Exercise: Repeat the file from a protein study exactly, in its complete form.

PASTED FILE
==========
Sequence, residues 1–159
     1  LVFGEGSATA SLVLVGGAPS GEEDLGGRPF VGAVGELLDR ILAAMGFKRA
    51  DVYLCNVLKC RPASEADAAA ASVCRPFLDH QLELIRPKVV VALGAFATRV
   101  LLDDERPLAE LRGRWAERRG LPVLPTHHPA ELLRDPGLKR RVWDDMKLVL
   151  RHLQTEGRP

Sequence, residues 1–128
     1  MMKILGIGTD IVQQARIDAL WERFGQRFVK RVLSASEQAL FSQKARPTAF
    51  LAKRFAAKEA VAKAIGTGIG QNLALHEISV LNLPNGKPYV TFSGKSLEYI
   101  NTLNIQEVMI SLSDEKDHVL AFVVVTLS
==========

Sequence, residues 1–159
     1  LVFGEGSATA SLVLVGGAPS GEEDLGGRPF VGAVGELLDR ILAAMGFKRA
    51  DVYLCNVLKC RPASEADAAA ASVCRPFLDH QLELIRPKVV VALGAFATRV
   101  LLDDERPLAE LRGRWAERRG LPVLPTHHPA ELLRDPGLKR RVWDDMKLVL
   151  RHLQTEGRP

Sequence, residues 1–128
     1  MMKILGIGTD IVQQARIDAL WERFGQRFVK RVLSASEQAL FSQKARPTAF
    51  LAKRFAAKEA VAKAIGTGIG QNLALHEISV LNLPNGKPYV TFSGKSLEYI
   101  NTLNIQEVMI SLSDEKDHVL AFVVVTLS